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Ask G: What to do with plastic bags

We all know the problems with plastic bags, but what can we do with the ones floating around our house?

I would like to stop using plastic bags completely, but I currently depend upon them as garbage bags in the kitchen. What do people do if they don't put their rubbish in a plastic bag?

What do we do with plastic bags so they don't fly away?

What do we do with plastic bags so they don't fly away?

Credit: iSotckphoto

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Our grandparents lined their kitchen tidy bins with a few sheets of newspaper before the advent of plastic bags. If it worked for them, it can work for us.

There is also an Australian innovation called Recyclit, which is like a laundry chute for household waste and recycling. It has a stainless steel flip door fitted to the interior kitchen wall. This is connected to a steel chute that passes through the wall to an outside hood designed to be fitted to council–provided wheelie bins.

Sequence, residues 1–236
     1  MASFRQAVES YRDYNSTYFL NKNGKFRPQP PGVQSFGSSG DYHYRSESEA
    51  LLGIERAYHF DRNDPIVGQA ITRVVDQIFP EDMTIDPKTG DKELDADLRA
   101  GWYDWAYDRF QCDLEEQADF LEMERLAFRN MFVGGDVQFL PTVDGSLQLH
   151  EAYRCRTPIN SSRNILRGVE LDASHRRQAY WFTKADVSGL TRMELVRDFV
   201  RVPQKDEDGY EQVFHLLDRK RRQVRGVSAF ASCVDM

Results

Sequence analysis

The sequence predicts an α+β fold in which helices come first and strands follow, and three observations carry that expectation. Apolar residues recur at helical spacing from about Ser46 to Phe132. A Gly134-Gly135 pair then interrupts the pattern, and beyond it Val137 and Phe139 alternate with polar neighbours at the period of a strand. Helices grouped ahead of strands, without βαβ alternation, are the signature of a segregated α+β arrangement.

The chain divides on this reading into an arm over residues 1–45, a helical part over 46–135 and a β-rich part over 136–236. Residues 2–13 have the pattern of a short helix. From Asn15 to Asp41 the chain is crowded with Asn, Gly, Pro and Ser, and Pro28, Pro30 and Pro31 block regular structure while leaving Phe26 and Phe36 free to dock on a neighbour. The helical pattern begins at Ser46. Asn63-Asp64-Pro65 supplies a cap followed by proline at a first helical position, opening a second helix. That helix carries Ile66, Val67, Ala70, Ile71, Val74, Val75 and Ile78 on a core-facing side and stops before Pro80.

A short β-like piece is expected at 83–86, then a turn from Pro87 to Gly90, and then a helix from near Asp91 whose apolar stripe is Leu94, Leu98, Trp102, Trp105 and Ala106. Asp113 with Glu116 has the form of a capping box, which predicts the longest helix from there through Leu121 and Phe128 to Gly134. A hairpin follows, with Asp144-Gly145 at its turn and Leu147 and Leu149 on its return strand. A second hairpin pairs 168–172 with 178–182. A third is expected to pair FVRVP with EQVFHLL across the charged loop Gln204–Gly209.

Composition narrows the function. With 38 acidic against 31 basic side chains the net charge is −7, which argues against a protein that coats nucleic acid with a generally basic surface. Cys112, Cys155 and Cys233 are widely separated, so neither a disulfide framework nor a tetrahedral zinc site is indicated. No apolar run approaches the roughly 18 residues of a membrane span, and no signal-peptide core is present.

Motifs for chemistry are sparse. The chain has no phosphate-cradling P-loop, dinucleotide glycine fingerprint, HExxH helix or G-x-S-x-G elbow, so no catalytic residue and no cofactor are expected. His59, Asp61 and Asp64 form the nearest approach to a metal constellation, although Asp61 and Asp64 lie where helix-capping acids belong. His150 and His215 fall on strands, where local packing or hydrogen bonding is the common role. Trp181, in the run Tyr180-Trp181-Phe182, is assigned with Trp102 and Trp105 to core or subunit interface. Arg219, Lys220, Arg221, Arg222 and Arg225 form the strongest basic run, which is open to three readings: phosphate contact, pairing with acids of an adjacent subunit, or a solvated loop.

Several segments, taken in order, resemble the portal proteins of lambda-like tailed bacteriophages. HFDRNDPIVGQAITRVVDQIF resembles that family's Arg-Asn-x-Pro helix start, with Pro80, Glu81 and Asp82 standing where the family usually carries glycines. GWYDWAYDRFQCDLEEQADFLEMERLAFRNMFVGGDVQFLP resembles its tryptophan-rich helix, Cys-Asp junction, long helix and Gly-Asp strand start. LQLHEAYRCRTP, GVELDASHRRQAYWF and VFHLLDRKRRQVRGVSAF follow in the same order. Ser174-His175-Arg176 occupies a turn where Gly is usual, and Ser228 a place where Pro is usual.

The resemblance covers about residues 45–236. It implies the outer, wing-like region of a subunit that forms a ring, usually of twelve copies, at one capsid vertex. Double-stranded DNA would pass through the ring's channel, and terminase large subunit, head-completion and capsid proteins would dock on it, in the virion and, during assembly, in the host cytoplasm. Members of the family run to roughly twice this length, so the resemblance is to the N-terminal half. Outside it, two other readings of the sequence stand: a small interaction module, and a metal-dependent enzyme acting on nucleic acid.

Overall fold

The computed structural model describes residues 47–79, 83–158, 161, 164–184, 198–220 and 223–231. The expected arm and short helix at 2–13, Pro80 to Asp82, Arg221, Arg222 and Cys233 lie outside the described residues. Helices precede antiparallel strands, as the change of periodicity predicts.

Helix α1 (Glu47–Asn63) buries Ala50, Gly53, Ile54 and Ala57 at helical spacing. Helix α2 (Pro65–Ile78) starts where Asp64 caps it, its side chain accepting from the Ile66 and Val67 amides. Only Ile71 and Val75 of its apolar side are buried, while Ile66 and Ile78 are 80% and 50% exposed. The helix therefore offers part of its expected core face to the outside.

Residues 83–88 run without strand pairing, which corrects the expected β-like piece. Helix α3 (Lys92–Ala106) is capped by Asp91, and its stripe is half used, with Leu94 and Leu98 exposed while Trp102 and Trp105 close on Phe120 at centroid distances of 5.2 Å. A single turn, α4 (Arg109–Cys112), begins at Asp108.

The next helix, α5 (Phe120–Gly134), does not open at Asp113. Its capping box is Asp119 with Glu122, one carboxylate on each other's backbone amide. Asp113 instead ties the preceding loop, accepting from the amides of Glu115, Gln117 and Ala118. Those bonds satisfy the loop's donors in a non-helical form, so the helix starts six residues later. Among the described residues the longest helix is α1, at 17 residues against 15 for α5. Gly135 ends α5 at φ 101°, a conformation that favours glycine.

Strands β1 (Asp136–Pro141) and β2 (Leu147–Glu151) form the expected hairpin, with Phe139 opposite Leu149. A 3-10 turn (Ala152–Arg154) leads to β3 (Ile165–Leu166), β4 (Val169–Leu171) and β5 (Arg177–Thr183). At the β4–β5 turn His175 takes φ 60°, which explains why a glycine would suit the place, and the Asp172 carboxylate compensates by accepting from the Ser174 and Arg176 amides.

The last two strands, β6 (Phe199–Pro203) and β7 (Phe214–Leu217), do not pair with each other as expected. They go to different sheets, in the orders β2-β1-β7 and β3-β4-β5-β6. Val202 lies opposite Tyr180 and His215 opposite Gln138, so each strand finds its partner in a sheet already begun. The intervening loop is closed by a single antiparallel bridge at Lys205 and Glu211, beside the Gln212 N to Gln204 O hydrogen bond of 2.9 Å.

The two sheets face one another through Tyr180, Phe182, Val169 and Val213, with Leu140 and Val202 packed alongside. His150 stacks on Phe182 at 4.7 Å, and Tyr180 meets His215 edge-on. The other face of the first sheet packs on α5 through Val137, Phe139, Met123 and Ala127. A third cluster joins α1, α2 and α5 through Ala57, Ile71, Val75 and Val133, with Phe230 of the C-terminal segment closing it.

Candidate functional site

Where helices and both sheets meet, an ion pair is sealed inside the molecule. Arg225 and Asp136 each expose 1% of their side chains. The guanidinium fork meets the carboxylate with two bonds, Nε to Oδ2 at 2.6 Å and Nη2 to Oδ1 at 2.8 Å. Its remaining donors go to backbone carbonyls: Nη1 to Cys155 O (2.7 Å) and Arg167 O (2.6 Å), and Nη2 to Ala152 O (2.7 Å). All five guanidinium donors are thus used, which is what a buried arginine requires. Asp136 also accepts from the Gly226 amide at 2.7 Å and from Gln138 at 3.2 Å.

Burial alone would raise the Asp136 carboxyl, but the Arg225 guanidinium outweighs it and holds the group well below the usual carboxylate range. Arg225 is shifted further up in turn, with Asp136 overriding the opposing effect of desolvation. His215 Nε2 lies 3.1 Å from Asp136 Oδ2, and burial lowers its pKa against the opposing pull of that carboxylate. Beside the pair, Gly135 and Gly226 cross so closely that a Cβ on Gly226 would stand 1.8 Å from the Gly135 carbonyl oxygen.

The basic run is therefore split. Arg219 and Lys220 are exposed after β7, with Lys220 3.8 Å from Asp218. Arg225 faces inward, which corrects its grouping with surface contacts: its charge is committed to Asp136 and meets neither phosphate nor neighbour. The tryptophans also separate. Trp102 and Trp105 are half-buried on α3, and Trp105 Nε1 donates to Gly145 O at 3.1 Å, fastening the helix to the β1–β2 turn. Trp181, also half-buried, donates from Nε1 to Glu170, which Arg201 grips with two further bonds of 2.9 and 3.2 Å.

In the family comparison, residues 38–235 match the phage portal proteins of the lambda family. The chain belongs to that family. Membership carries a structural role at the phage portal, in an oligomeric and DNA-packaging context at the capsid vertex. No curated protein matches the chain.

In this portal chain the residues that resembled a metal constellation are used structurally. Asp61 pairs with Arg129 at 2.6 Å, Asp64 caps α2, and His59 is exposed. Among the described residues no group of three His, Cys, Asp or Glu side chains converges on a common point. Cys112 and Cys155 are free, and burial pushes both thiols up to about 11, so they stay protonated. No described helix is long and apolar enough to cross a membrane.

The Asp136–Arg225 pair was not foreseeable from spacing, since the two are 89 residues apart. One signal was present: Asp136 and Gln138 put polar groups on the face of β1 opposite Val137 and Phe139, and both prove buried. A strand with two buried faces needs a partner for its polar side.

Many houses get two (or more) Recyclits fitted side–by–side; one for recycling and one for garbage. These neatly bypass the need for kitchen tidy bins and bin liners, are very convenient and look great in a stainless steel kitchen.

You may see biodegradable or degradable plastic bin liners offered as an eco-alternative at the supermarket. A report to the federal Department of the Environment and Water Resources investigated the environmental impacts of these plastics and found that “the advantages of degradable polymers in landfill are questionable,” mainly due to the fact that the plastics need water or microbes to help them degrade, and these are often lacking in landfills. Having said that, there is some benefit in using plastics made from renewable plant starch rather than non-renewable oil stocks.

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